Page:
Ward, James H.
Commander James H. Ward, USN, (1806-1861)
James Harmon Ward was born at Hartford, Connecticut, on 25 September 1806. He became a Midshipman in the U.S. Navy in March 1823 and served during the following years on board ships in the Mediterranean, off Africa and in the West Indies. He also took a leave of absence to pursue scientific studies, was an instructor in ordnance and gunnery at the Naval School at Philadelphia, Pennsylvania, and authored a book on that important subject. In 1845 Lieutenant Ward became executive officer at the newly opened U.S. Naval Academy at Annapolis, Maryland, also teaching gunnery and steam engineering there. His later scholarly endeavors including writing a textbook on naval tactics and a popular work on steam engineering.
During the last part of the war with Mexico, Ward commanded the frigate Cumberland, and, in 1848-1850, the steam gunboat Vixen. During the next decade he had shore duty at the Washington and Philadelphia Navy Yards, was promoted to the rank of Commander, and commanded the sailing sloop of war Jamestown off Africa. At the beginning of the Civil War Commander Ward planned an expedition to relieve Fort Sumter and then was placed in charge of a small squadron operating on the Potomac River. With USS Thomas Freeborn as his flagship, Ward's force engaged the Confederates at Aquia Creek, Virginia, in late May and early June 1861. In another engagement, at Mathias Point on 27 June, Commander James H. Ward was mortally wounded while aiming Thomas Freeborn's bow gun. He was the first U.S. Navy officer killed in action during the Civil War.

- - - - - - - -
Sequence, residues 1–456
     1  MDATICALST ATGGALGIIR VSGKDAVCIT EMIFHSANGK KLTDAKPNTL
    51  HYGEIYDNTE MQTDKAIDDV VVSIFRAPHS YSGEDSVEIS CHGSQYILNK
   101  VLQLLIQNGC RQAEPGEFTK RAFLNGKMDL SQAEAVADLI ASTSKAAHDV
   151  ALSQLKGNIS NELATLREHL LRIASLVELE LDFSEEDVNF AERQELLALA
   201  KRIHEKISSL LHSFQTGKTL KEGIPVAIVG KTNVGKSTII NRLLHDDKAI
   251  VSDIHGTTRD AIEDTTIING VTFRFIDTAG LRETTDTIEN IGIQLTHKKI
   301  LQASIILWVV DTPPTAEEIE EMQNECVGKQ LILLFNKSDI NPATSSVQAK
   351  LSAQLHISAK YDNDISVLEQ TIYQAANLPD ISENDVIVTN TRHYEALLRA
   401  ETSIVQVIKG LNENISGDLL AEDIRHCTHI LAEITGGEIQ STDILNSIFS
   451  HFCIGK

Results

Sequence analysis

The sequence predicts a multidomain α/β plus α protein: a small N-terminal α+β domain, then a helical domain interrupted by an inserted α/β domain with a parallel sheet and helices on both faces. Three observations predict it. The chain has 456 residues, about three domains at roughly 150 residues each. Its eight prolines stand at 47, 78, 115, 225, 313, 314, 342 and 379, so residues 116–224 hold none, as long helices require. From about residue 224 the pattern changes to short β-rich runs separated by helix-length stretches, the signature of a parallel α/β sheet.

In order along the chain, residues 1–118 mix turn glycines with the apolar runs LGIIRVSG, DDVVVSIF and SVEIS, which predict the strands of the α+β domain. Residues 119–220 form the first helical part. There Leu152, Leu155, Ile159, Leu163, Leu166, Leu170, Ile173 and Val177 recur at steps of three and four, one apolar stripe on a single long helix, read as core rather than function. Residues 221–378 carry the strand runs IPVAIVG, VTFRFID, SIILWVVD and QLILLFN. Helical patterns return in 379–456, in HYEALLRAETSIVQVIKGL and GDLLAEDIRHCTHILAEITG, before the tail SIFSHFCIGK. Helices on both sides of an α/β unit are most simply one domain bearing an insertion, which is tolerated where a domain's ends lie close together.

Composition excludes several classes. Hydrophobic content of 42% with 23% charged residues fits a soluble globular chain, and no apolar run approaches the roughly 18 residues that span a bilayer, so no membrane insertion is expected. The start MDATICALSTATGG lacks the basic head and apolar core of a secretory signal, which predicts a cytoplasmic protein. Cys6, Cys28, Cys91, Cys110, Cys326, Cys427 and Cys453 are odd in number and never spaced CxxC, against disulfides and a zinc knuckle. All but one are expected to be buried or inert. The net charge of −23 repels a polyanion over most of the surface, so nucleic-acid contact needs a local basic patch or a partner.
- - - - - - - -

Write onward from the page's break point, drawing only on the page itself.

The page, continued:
USS Ward (Destroyer # 139, later DD-139 and APD-16), 1918-1944, was named in honor of Commander James H. Ward.
This page features, and provides links to, all the views we have concerning James H. Ward.
For other views related to Commander James H. Ward, see:
USS Thomas Freeborn (1861-1865).